– By Sylvester Monroe
The 1992 Los Angeles riots were one of the biggest stories of my career and among the most personal. I wasn’t just a reporter covering the worst civil unrest in modern U.S. history. I was also an African-American man and father of an adolescent son ever mindful of close encounters of the worst kind with the police.
Reporting on the six days of deadly violence and vandalism following the acquittals of four white L.A. police officers tried for the brutal, videotaped beating of black motorist Rodney King resonated with me even more than the trial itself. In nearly 10 years as a Los Angeles correspondent for Time magazine, I was never stopped by the LAPD. As a young teenager, my son, Jason, was ticketed once for jaywalking. We paid a $50 fine and that was the end of it. But we both were always wary.
Twenty years later, relations between the Los Angeles police and the city’s black citizens are light-years beyond the tinderbox atmosphere that once prevailed, thanks to extensive police reforms, including a much-touted commitment to community policing, increased external oversight and more enlightened department leadership. Many black Angelenos now believe there has been so much progress that what happened in 1992 could not happen again. At least not in the same way.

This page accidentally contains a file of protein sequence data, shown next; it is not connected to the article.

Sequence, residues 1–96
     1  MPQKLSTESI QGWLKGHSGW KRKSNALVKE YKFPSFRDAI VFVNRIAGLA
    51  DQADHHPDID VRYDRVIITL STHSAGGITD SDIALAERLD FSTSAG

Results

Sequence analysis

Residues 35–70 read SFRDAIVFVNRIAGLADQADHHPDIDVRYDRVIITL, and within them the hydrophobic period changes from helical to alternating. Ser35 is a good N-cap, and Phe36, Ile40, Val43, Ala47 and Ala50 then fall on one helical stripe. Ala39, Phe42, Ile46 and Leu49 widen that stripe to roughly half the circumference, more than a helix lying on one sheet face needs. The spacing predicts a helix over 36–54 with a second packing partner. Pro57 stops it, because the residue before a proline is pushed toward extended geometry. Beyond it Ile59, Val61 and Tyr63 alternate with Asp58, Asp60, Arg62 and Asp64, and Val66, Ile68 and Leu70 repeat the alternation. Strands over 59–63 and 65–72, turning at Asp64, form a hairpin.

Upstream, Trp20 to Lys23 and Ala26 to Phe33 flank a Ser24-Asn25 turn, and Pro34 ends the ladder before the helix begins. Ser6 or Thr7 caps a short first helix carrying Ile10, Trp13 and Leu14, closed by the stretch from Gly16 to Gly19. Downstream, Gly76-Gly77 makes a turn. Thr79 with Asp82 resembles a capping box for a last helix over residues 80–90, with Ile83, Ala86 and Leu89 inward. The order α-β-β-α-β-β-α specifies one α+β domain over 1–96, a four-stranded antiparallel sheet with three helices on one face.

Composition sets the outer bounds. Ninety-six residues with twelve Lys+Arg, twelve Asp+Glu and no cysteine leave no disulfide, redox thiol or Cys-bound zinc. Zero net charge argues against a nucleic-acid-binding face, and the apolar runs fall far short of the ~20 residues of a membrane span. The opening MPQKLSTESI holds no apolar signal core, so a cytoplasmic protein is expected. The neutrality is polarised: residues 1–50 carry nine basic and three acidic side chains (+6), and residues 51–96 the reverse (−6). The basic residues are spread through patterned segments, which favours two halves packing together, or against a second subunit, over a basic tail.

One reason is that despite some ongoing racial tension, the people of Los Angeles generally get along much better than they did at the time of King’s famously plaintive plea: “Can we all just get along?”
“We get along better now,” says 46-year-old Chris Chambers, a black South L.A. native who remembers the bad blood between blacks and Korean business owners who were prime targets of black anger and violence during the riots. “[Korean business owners] respect your presence more. They don’t pull out a gun when you walk into a store anymore. They realize that all blacks are not shoplifters, and they will actually have a conversation with you now.”
Read more at theroot.com
More Mason High School Teachers Resign Over Sex Acts
Baby Dies After Mom Holds Him Under Hot Water For Crying Too Much
Ice Cube Reflects On Hip Hop’s Influence On The L.A. Riots
FOLLOW US ON TWITTER – @1230AMWDBZ
JOIN THE OFFICIAL BUZZ FACEBOOK FAN PAGE
DOWNLOAD THE FREE BUZZ MOBILE APP
Blac Chyna Spotted Out After Dissolving Facial Fillers
Ed Sheeran did not copy Marvin Gaye’s “Let’s Get It On”, jury rules
Bone Thugs-N-Harmony to be Honored at Ohio Black Expo
He’s Back! Jamie Foxx Announces Return To TV With New Show
The ‘King Of Calypso’: A Tribute To Harry Belafonte
Where’s Don Juan Fasho Friday’s [VIDEO]
Help a Child in Need at St. Jude DONATE NOW
‘The Other H-U’: Kamala Harris Addresses HBCU Rivalry Between Howard And Hampton Universities